Second, race law in employment specifically chases away investment. When the money runs away,  job opportunities run after it into other countries, which means fewer jobs in South Africa. Poor black people evidently get hit the hardest by this.

Third, the “more aggressive” EEA is the old EEA in the public sector lifted, twisted and then forced onto the private sector. In the public sector, the EEA has literally meant preferring an empty chair to qualified people. Now Nxesi is about to force that on the private sector too.

In the notorious Barnard case, a police post was kept vacant rather than promote a white woman. In the more recent Nadesan case, the eThekwini municipality kept a fire equipment oversight position empty rather than promote an Indian man. According to Nxesi’s spiteful policy, it is better if no one does the job. That directly promotes unemployment.

In a recent interview, Nxesi advised any Indian people who could not find work because companies were already at “target” on the relevant position “must look for the jobs at other companies”. The “target” for Indians or coloured people is set at “0.0%” in 136 instances at provincial level. At national level Indian men are at, or above, “target” in 89% of the 72 listed “targets”. Indian women are at, or above, “target, in 96% of the listed “targets”. Hundreds of thousands of Indians may have to take Nxesi’s advice. There are even more cases where coloured people are subject to “0.0%” targets.

This shows Nxesi’s policy really is “more aggressive” on race in the private sector, but in the public sector “0.0%” targets have already been used against Indians. In the Naidoo case, an Indian woman was denied promotion in the police force in Gauteng, because the target was “0.0%”. The Labour Appeal Court upheld the racial rejection saying one day the target might change and, in the meantime, Indian women were still getting promotions in KZN, so the complainant could just move.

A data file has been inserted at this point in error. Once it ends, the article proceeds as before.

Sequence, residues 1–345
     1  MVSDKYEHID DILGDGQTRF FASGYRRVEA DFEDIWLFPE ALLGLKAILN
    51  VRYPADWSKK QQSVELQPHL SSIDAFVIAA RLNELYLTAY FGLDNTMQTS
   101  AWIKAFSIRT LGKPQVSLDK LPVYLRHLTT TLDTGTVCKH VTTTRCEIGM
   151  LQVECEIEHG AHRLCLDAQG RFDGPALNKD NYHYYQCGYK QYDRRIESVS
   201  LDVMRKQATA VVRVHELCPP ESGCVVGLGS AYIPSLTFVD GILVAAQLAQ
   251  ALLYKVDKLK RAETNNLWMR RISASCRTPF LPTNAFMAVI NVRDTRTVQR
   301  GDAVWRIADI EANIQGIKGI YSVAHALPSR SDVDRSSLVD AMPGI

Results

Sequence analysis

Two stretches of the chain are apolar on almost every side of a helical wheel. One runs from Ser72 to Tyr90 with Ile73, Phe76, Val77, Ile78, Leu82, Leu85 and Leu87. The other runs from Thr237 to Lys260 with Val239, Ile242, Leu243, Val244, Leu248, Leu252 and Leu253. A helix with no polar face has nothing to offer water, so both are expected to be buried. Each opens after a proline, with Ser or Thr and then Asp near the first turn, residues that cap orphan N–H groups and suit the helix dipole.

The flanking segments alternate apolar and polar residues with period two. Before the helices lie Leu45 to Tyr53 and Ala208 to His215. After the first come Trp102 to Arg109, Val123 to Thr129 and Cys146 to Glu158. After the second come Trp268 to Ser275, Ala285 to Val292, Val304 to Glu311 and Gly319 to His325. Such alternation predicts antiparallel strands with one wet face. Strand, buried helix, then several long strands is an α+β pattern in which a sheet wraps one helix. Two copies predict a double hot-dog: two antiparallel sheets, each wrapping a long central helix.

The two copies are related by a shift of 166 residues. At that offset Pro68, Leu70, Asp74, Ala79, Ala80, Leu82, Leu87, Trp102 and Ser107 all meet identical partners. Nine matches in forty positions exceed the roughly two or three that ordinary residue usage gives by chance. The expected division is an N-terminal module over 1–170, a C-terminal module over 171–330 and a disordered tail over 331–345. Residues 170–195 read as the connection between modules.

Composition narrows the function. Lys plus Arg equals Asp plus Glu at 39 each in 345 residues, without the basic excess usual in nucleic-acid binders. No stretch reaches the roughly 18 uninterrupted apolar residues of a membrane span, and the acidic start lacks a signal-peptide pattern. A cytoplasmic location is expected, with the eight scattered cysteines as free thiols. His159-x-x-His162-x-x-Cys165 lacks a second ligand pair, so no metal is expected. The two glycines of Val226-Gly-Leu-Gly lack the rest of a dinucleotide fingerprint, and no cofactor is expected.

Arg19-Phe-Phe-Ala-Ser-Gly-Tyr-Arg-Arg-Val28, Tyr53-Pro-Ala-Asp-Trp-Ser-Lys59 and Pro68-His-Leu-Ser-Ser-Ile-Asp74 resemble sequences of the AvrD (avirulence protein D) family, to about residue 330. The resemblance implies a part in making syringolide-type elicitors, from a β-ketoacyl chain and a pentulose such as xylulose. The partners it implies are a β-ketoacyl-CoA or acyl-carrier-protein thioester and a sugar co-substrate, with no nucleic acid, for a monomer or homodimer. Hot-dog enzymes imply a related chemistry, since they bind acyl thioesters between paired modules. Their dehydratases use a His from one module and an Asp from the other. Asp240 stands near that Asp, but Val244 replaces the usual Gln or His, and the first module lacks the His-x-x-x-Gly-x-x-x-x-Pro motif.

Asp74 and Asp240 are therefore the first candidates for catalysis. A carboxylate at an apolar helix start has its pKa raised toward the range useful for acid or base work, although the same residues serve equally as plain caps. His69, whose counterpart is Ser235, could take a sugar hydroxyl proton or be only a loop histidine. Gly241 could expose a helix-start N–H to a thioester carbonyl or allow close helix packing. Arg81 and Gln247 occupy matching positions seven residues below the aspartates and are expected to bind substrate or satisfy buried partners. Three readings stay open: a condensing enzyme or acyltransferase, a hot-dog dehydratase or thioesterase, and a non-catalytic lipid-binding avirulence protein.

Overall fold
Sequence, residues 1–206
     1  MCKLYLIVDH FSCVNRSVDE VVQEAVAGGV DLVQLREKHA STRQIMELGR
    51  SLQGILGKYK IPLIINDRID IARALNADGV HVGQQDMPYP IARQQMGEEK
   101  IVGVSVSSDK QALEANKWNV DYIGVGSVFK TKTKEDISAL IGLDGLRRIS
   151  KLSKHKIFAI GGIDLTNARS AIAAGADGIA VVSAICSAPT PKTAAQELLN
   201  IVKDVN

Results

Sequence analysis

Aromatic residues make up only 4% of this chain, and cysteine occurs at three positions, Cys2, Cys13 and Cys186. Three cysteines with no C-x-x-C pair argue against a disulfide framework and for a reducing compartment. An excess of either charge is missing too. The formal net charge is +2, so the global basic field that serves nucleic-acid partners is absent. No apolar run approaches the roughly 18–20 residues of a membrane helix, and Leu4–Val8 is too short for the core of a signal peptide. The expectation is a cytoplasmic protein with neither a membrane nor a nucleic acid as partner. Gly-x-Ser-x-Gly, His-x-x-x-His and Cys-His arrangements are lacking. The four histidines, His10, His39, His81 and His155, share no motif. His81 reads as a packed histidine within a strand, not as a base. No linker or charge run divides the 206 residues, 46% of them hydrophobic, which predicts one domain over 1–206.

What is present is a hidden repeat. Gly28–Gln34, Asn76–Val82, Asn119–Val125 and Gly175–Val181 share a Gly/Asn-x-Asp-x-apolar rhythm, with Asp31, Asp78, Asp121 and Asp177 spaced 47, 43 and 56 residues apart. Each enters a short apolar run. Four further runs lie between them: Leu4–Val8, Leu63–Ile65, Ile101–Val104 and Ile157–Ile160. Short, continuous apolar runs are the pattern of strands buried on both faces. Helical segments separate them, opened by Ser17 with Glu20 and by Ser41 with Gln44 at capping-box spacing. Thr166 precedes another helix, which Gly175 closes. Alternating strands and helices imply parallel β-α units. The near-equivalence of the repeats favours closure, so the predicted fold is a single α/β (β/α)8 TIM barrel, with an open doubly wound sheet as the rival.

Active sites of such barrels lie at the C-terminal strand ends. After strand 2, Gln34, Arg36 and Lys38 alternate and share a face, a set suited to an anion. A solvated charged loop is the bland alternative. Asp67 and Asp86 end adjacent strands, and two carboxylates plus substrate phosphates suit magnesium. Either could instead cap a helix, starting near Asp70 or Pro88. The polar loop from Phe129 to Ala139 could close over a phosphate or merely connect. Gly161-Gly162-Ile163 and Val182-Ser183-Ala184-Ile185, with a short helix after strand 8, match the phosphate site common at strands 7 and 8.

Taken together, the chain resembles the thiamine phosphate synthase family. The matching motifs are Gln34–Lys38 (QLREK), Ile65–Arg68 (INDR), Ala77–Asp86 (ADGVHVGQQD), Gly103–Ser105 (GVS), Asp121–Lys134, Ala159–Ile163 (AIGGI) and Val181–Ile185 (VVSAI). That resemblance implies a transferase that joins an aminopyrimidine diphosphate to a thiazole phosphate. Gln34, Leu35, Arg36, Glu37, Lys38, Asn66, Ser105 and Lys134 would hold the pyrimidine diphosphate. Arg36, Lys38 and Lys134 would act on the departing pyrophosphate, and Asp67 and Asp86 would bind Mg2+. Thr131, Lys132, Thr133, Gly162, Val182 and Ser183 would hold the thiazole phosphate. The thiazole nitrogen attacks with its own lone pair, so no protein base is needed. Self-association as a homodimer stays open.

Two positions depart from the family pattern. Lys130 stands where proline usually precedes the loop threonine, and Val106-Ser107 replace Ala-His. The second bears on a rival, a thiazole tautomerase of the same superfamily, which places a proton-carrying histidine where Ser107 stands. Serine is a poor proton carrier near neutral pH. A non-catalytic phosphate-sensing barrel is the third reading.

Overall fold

Imposing this kind of humiliation in the private sector is not just bad for the people directly cut down by Nxesi’s “targets”, it hurts investor confidence too, which again hurts black unemployment.

Beyond that, black men are above “target” in six national instances, and black women are above “target” in nine instances, meaning black people can also be told to “look for the jobs at other companies” due to Nxesi’s targets.

On the other end of the black-inequality spectrum, Discovery Bank chairperson Reuel Khoza complained that the government had not conjured enough black billionaires. “To produce something like two, three or four, but less than 10 billionaires in close to 30 years, it cannot be justified.”

This matches Nxesi’s complaints about an “Irish coffee economy” where the “creamy layer” on top is too white, which his “aggressive” new “0.0%” EEA is aimed at redressing by adding black people to the richest positions.

This is a mistake on two fronts. First, replacing BEE would actually help black entrepreneurs do better in a growing economy, a point Herman Mashaba makes with inimitable force. But Nxesi is a communist and unlikely to be persuaded by a self-made businessman like Mashaba.

So let us suppose, just for the sake of argument, that Nxesi’s “0.0%” EEA would somehow add six more black billionaires to the window. Very good. Would that compensate for adding a million poor black people to the unemployment line in a shrinking skunk-of-the-world economy? No.

We have a better plan, Economic Empowerment for the Disadvantaged, to put value-for-money and need first, and pigment politics where it belongs, in the ashes of history.

Crouse is a fellow at the Institute of Race Relations